A D V E R T I S E M E N T
|Memorial to honor student-friendly film
Courtesy of Prudence
|Edgar Brokaw Jr. will be memorialized
this Sunday in Melnitz Hall for his work as a professor
at UCLA. |
DAILY BRUIN SENIOR
Film professor emeritus Edgar
Brokaw Jr. may have retired in 1988, but he could never truly
separate himself from the campus.
The famed professor who
taught Alexander Payne, Francis Ford Coppola and Jim Morrison passed
away at age 85 on December 9, 2002. A memorial service will be held
in Melnitz Sound Stage 2 on Sunday at 4 p.m.
Brokaw was a
famous fixture at the film school for years.
"Ed was so
devoted to the department that he kind of lived here in his office,"
said screenwriting professor Richard Walter, who was a colleague of
Brokaw's for a decade. "He had a residence off campus, but he used
to spend nights in the office and washed up in the public restroom.
Film students work around the clock, and he was always available to
A tall man with a big smile and animated personality,
Brokaw had an enthusiasm which rubbed off on those he knew. Brokaw
believed in student projects, even when the students didn't.
"I think he lived his own career vicariously through other
people's work, because he was able to encourage people to do things
that they didn't think they could do," said Bob Dickson, a
documentary filmmaker who studied with Brokaw starting in 1961.
Before 1961, Brokaw spent the preceding five years running
his own production company, New York Studios, Inc., where he
produced commercials, short musical films and shot cinematography
for films. He returned to UCLA in 1961, bringing his independent
sense of loving filmmaking grunt work. He advocated and enforced the
current mode of UCLA's "project system" film school curriculum,
where students learn by doing.
"Brokaw just wanted to see us
making films and he didn't want to hear any excuses," said Maria
Elena Rodriguez, a former student and currently a writer on the NBC
Rodriguez remembers Brokaw's editing
classes, where students pieced together their own versions of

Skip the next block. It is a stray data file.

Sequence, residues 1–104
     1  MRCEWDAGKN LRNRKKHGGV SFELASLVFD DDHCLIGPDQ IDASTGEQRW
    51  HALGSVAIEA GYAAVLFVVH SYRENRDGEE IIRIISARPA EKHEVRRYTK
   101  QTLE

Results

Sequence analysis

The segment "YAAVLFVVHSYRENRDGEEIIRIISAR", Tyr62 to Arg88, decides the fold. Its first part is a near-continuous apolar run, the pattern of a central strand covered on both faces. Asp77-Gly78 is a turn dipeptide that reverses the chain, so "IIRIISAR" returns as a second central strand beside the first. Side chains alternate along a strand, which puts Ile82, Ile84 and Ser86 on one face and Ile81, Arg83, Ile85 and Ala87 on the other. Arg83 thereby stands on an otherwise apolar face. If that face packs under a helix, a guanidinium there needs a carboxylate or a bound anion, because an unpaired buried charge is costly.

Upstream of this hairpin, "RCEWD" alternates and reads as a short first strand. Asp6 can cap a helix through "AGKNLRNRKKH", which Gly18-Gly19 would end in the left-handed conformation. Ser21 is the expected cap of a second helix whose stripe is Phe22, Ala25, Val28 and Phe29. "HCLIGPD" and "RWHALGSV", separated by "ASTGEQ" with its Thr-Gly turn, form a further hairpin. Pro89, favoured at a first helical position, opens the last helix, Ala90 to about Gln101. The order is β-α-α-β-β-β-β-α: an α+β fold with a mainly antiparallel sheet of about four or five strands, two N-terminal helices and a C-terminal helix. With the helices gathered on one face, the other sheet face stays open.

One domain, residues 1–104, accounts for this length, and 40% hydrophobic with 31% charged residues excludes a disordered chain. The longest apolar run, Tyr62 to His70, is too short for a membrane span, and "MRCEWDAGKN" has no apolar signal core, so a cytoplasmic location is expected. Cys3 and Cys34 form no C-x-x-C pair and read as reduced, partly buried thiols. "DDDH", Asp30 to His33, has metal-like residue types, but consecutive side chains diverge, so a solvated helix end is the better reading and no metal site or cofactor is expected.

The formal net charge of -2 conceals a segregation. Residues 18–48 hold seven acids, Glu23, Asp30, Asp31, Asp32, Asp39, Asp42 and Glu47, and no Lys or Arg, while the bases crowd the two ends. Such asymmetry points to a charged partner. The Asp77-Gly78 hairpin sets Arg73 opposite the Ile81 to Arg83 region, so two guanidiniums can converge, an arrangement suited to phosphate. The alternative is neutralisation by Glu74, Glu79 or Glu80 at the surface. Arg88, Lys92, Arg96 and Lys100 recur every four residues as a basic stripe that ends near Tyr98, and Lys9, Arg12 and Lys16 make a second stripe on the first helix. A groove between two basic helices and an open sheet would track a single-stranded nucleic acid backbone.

"Gunsmoke" and "Hawaii Five-O" episodes from the raw dailies. Yet
this was Brokaw's station closer to the end of his UCLA career, as
the department became more and more specialized.
was a student here in 1947 and immediately became a teacher after
graduation in 1952, the theater arts department had just started and
Brokaw was a member of its first class. Then, the film school was
not yet in fashion, and it took until the 1960s for UCLA's film
school to develop its identity as an experimental school for auteur
filmmakers. Throughout all of this, he continued to advocate for the
students, often against what he perceived as ineffective
"For a while, Ed was so suspicious of all the
red tape that he kept a check-out room for equipment, which students
he approved of would be able to use," said Colin Young, a former
Brokaw student who also asked Brokaw to head the film school when
Young was chairman of the theater arts department. "He was
completely out of line and out of order, but I didn't mind, because
some good things were coming out of it."
professor walked from campus to his favorite hangout spots. In his
later years, he didn't use a car – a choice made for his students'
"If you're in a car or stuck at home, then you
won't see people," said Prudence Macgowan Faxon, former Brokaw
student and granddaughter of former UCLA dean Kenneth Macgowan, a
friend of Brokaw. "If you're on campus, you bump into people and you
sit down and talk. That's what the whole academic environment is
meant for, an exchange of ideas where people take time to sit down
and talk and learn new things. He personified that and you don't
find that much anymore."
By Brokaw's retirement in 1988,
digital editing was replacing Brokaw's manual flatbeds and moviolas
– old equipment according to today's standards. In addition, the
theater arts department had transformed into the current specialized
School of Theater, Film, and Television. Yet even after retirement,
Brokaw could never completely leave the school where he saw his
"It was more that people saw Ed in the
later years as he was working in the library or eating something at
North Campus," said Faxon, who is organizing a film production
scholarship in Brokaw's name.
here for a printable version of this
|Email Arts &
Entertainment at ae@|
questions or concerns about this
A D V E
R T I S E M E N T